Allowed To Delegate


The Source security principal is allowed to perform Kerberos Constrained Delegation (KCD) with protocol transition on the Target computer. This means that it can impersonate any user when it authenticates with Kerberos to any service running on the Target computer.

Therefore, it often leads to a total compromise of the Target computer.


Attackers who compromise the Source security principal can use dedicated hacker tools such as Rubeus to exploit legitimate Kerberos protocol extensions (S4U2self and S4U2proxy) in order to forge Kerberos service tickets and impersonate the targeted user. Attackers are likely to choose to impersonate a privileged user to obtain privileged access.

Once attackers forge the service ticket, they can use any native administration tool or specialized hacker tool compatible with Kerberos to execute remotely arbitrary commands.

A successful exploitation attempt must meet the following constraints:

  • The Source security principal must be enabled for protocol transition (ADS_UF_TRUSTED_TO_AUTHENTICATE_FOR_DELEGATION in UserAccountControl / "Use any authentication protocol" in the Delegation GUI). More precisely, the attack could work without protocol transition ("Use Kerberos only" in the Delegation GUI), but attackers must first coerce a Kerberos authentication from the targeted user to the Source security principal, which makes the attack harder. Therefore, Tenable Identity Exposure does not create an attack relation in this case.

  • The Source and Target security principals must have a ServicePrincipalName. Tenable Identity Exposure does not create this attack relation without this condition.

  • The account targeted for spoofing must neither be marked "is sensitive and cannot be delegated" (ADS_UF_NOT_DELEGATED in UserAccountControl) nor be a member of the "Protected Users" group because Active Directory protects such accounts from delegation attacks

On the contrary, the Target computer where delegation is allowed is designated by a Service Principal Name (SPN) and thus contains a specific service such as SMB with "cifs/", HTTP with "http/", etc. However, attackers can actually target any other SPN and service running under the same Target account using a "sname substitution attack". Therefore, this is not a limitation.


If the Source security principal does not need permission to perform Kerberos Constrained Delegation (KCD) on the Target computer, then you must remove it. You must make the modification on the Source side, as opposed to an "Allowed to act" delegation attack relation.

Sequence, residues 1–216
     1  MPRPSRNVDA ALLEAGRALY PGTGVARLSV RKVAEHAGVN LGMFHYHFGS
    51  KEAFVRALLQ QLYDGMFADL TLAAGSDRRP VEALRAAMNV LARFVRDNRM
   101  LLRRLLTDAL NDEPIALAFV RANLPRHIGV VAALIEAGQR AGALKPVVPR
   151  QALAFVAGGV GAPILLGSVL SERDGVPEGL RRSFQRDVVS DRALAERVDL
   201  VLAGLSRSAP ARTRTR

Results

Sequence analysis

To remove the Source security principal:

  1. In "Active Directory Users and Computers" administration GUI, go to the Source object's Properties > Delegation tab.

  2. Remove the Service Principal Name corresponding to the Target.

  1. If you do not want any delegation from this Source, remove all SPNs and select "Do not trust this computer for delegation".

Alternatively, you can use PowerShell to modify the content of the Source's "msDS-AllowedToDelegateTo" attribute.

  • For example, in Powershell, run this command to replace all values:

Set-ADObject -Identity "CN=Source,OU=corp,DC=example,DC=net" -Replace @{ "msDS-AllowedToDelegateTo" = @("cifs/") }
  • If you do not want any delegation from this Source, run the following command to clear the attribute:

Set-ADObject -Identity "CN=Source,OU=corp,DC=example,DC=net" -Clear "msDS-AllowedToDelegateTo"

It is also possible to reduce the risk while not completely closing this attack path by disabling protocol transition. This requires that all security principals connect to the Source using only Kerberos instead of NTLM.

To disable protocol transition:

  1. In "Active Directory Users and Computers" administration GUI, go to the Source object's Properties > Delegation tab.

  2. Select "Use Kerberos only" instead of "Use any authentication protocol".

Alternatively, you can run the following command in PowerShell to disable protocol transition:

Set-ADAccountControl -Identity "CN=Source,OU=corp,DC=example,DC=net" -TrustedToAuthForDelegation $false

Finally, as a general recommendation, in order to limit the exposure of sensitive privileged accounts to such delegation attacks, Tenable Identity Exposure recommends that you mark them as "Is sensitive and cannot be delegated" (ADS_UF_NOT_DELEGATED) or add them to the "Protected Users" group after careful verification of the associated operational impacts.

See also